Interview with Marcel Kolaja, Member of the European Parliament: “The challenge that lies ahead of us is that this 5-party government is able to pursue policies that will improve people’s lives in the country”.

, by Jules Bigot

All the versions of this article: [Deutsch] [English]

Interview with Marcel Kolaja, Member of the European Parliament: “The challenge that lies ahead of us is that this 5-party government is able to pursue policies that will improve people's lives in the country”.
Marcel Kolaja. Credit:, licensed under Creative Commons

In October earlier this year, elections were held in the Czech Republic leading to the fall of Prime Minister Andrej Babiš. The centre right coalition SPOLU composed of ODS, KDU-ČSL and TOP 09 finished first in these elections, closely followed by ANO, Babiš’s party. The Piratí-STAN coalition formed by the Mayor and Independents Party and the Pirates Party completed the podium. SPOLU and Piratí-STAN reached an agreement to form a government coalition which would grant them a comfortable majority of 108 seats out of 200 in the lower house of the Czech parliament, the House of Deputies. Petr Fiala, leader of ODS, was named Prime Minister by President Miloš Zeman, and made responsible for forming the new government.

It is in this context that MEP Marcel Kolaja agreed to answer my questions concerning the recent elections in the Czech Republic, the Pirates Party, and the future political orientations of the newly formed government.

Mr Kolaja, you are a member of the Czech Pirate Party, which has been elected in the European Parliament since 2019. You were also co-president of the International Pirates Party in 2011. To start off this interview, could you walk us through the Pirates Party ideology, both on an international level and on a local level?

Marcel Kolaja: I do not think there are any differences. We are a very international movement that did not start in the Czech Republic, but in Sweden in 2006. Our core principles are the same and our goal is the same regardless of the Pirates Party’s country of origin. Our main goal is to reach a free information society. This is what we want to achieve. What does that mean? That means that we want a society that is informed, that is digitally connected, but also, in order to be free, a society that is educated, where fundamental rights are respected and which is free from lock-ins. Digital connection should not be something that locks society into particular technologies or services, which are a proprietary lock-in into a monopoly or into an oligopoly of some corporations. We want a society that is really free. And from there, we employ all our policies to reach that goal. It might be through the reform of copyright, consumer and environmental protection, a stress on democratic principles, digitalization or the digital transformation of society, for example, but also through transparency in policy making, foreign policy, and so on.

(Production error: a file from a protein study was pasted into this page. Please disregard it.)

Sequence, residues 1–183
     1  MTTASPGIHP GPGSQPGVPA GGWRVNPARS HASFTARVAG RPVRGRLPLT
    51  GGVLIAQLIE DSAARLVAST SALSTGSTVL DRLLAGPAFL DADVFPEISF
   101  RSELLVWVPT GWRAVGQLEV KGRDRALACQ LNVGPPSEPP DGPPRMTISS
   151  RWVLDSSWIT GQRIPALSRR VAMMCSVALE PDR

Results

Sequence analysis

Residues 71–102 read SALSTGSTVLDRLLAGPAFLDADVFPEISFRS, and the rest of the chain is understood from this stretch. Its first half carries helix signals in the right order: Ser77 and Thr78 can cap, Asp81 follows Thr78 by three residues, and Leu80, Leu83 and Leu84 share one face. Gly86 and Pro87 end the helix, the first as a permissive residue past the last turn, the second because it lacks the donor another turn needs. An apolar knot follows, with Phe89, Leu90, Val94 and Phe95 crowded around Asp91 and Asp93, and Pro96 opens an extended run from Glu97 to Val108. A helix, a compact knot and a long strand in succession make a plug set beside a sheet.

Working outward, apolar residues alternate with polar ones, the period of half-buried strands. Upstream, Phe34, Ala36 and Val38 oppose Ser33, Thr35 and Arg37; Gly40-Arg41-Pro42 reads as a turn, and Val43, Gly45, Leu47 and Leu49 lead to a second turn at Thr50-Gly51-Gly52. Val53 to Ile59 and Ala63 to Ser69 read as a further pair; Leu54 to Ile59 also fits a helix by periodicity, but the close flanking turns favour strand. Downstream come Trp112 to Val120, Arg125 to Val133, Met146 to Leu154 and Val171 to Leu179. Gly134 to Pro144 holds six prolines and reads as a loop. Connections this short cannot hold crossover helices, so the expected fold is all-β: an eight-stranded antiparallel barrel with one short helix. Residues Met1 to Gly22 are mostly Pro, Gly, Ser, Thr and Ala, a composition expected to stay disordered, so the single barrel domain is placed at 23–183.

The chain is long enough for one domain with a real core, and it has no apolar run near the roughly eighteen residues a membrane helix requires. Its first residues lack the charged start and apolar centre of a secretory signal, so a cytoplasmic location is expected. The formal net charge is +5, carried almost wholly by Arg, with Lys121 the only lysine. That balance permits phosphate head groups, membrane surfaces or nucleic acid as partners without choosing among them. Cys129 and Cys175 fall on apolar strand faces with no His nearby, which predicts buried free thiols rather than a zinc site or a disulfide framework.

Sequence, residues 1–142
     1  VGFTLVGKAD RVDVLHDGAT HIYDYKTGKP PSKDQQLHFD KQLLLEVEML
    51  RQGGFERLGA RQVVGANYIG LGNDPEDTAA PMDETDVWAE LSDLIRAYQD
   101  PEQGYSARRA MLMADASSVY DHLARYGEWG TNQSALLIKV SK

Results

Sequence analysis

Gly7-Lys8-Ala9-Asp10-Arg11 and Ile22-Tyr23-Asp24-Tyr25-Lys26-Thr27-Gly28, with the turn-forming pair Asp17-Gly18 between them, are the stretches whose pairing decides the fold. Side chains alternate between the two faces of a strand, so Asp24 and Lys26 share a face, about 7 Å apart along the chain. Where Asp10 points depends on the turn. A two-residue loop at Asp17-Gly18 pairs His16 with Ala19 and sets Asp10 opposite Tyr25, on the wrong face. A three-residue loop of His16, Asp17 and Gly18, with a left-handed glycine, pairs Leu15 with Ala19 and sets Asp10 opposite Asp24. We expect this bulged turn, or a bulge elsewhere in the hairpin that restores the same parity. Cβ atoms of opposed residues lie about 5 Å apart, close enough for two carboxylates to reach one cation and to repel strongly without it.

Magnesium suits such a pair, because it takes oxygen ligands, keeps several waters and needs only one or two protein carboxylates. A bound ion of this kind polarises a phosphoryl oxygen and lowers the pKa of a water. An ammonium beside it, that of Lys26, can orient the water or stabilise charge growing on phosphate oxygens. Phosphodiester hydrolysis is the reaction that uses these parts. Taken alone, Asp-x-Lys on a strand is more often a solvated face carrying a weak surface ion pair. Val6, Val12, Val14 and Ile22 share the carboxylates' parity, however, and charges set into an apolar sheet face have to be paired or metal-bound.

The Czech Pirates Party is very young but has grown rapidly over the last couple of years. Created in 2009, the Pirates only got 0.8% of votes in the legislative elections of 2010. They later won 22 seats in the 2017 mandate of the House of Deputies and are now part of a coalition government. This success was however not matched in other European Union countries with only the German Pirates Party represented alongside the Czech Party in the European Parliament.

How can you explain this sudden success of the Pirates Party in the Czech Republic in recent years but not elsewhere in Europe? Was there something special about the Czech context?

M.K: Well, we had 2 MEPs from the Swedish Pirates Party, the German Pirates has been represented in the European Parliament for 2 terms now, the Islandic Pirates are present on the national level, Luxembourg has 2 Pirates in the National parliament and there are few other Pirates elected on local level in Finland or France. The road to become a mainstream political party widely accepted in the society is not easy. It is difficult and in every country there is a different set of problems that you need to face. The Czech Pirates apparently found a way to overcome these challenges and for some other political parties it is still something that they will need to figure out. But I’m sure that one day they will and that we will be stronger as a movement.

In the recent Czech legislative elections, the Pirates Party was running in the Piráti-STAN coalition, which finished in third position. As an individual party the Pirates won 4 seats in the parliament. How do you analyze this particular result?